Introduction: Upcycled TV Stand Distressed With Fire!
Today's DIY project: Upcycle a louvered door and lapboard doors into a television stand.
Thank you for viewing my instructable! This is my first tutorial, and, if it goes well, there will be many more to come! This tutorial will focus on the design and techniques I used to build my tv stand. I won't be too specific as far as the size and the measurements go because you will need to determine that based on your needs and your materials. Please feel free to ask any questions and leave any constructive criticism under the comments.
My girlfriend and I purchased our first home about a year ago. Since then, we've done quite a bit of remodeling. From completely gutting and updating one bathroom, to opening up walls and ceilings, there isn't much I haven't done. I've played the part of a carpenter, an electrician, a plumber and now a designer. We needed a tv stand that would match the decor in the master bedroom and we were having a hard time finding something both affordable and fitting. We saw this tv stand at Target and instead of spending $200 on it, I figured I could make a nicer version of it for way less. So, I decided to go through some old materials I had kicking around in the attic. I found this louvered door and a pair of lapboard basement doors that I figured would do the trick! My plan was to cut the louvered door down for use as two cabinet doors and use the lapboard doors to cover the frame of the cabinet.
The materials used are pretty easy to come across; people throw this "crap" out all the time. I'm a huge fan of flea markets, tag sales and Craigslist. Another viable option is to take a peek in a dumpster outside a home that's being remodeled. If you see anything good, ask the contractor if it's okay if you snag it. You'll be really surprised at what people throw out. Between these four options, you can find just about anything you need for any project, and on the cheap!
Step 1: Tools and Materials
Portable propane torch
Trim nail gun and air compressor (not necessary but very convenient!)
Proper safety equipment including a fire extinguisher or garden hose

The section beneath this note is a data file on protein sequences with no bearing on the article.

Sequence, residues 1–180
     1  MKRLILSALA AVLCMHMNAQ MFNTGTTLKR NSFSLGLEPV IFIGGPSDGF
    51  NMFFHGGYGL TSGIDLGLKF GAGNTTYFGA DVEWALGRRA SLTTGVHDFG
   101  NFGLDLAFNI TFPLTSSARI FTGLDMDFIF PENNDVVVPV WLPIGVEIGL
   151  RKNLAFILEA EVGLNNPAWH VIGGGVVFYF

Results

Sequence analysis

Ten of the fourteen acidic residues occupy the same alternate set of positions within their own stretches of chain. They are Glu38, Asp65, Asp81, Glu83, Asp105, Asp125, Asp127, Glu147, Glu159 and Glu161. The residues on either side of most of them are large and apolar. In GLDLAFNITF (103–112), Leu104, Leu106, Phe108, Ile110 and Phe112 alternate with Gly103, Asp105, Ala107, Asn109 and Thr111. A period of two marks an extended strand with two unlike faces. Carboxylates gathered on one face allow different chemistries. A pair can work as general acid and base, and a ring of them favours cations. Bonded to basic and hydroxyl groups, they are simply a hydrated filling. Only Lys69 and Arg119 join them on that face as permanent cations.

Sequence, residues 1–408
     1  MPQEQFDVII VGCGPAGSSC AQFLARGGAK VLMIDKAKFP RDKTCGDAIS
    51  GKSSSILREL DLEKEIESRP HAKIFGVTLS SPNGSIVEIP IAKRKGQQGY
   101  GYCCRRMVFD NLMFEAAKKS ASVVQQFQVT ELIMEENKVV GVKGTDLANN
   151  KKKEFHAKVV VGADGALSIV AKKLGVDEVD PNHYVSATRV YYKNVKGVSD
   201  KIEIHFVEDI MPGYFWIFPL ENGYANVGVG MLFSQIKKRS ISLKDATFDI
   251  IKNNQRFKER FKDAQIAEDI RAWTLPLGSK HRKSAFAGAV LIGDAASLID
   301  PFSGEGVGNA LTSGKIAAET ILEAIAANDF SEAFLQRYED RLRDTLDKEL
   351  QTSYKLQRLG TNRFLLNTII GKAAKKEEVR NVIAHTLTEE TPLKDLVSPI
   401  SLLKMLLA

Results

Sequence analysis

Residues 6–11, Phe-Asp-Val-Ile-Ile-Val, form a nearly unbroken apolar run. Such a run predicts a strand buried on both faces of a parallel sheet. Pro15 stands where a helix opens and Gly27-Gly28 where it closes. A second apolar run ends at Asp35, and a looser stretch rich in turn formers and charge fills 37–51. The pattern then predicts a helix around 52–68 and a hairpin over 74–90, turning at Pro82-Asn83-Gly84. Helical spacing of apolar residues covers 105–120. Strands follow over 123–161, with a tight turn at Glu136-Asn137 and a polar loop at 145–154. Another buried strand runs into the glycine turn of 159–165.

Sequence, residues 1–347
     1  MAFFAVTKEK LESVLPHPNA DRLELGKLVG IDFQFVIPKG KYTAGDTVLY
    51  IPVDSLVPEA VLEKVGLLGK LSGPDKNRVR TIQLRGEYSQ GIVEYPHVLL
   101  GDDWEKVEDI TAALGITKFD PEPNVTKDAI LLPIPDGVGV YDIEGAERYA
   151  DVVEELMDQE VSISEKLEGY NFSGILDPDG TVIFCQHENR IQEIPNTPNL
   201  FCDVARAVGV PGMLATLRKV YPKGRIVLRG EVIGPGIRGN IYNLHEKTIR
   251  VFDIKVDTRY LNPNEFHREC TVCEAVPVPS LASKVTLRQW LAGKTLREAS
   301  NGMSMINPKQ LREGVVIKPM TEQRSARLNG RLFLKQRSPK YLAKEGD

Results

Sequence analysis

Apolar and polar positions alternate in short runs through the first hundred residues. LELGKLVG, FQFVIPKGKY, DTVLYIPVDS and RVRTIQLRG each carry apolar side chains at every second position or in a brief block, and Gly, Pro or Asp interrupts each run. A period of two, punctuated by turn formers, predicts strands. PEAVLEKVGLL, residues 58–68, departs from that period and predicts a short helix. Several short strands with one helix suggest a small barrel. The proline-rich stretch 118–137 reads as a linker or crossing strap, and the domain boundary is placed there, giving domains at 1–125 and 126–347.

Shiplap board doors
5- 2"x3" pine studs ($2 something each)
4- 8' pine shiplap boards ($7 each) to cover what the shiplap doors won't cover
4- 1"x3" pine trim
4- Door hinges
2- Door latches
2- 2'x4' sheest of 1/8" plywood ($11 each)
Stain (I chose Minwax provincial, but you decide depending on the look you want to go for)
Polyurethane (I used Minwax satin)
Step 2: Doors
Knowing this would be the hardest part of the build, I decided to get the doors done first. Plus, as the center point, it's easier to build around the doors, rather than have to try to make them work in an already done frame. It's not as simple as just cutting two sections out of the one door. Both sections need to be framed, and in order to do that I had to salvage wood from each end of the door. I had only one door to do this with, so, if I messed up a measurement or a cut, I would need to find another!
I started by cutting the door down to just the louvered section to make it easier to work with. Then, I figured what height and width I wanted to use. I figured a tall 24" door would be good, and I wouldn't have to worry about the width just yet.
So, I measured off the top of the door and cut off the 24" piece that I needed.
Then, in order to have a frame around all of the edges of the door, I decided the most logical way was to cut the boarder piece at the top in half. Then, screw the remaining piece on the bottom to complete it (use the pictures as a guide as this might be tricky to understand by text).
Once I had the doors cut and framed on all four sides. I wanted to make sure the width of the frame on each side matched for a uniform look. The top and bottom were 2" after I cut them down. So, all I had to do now was run the two remaining sides in the table saw to make them all an equal 2" border.
The last step was to use my palm sander and quickly hit the doors and my cuts to smooth everything out.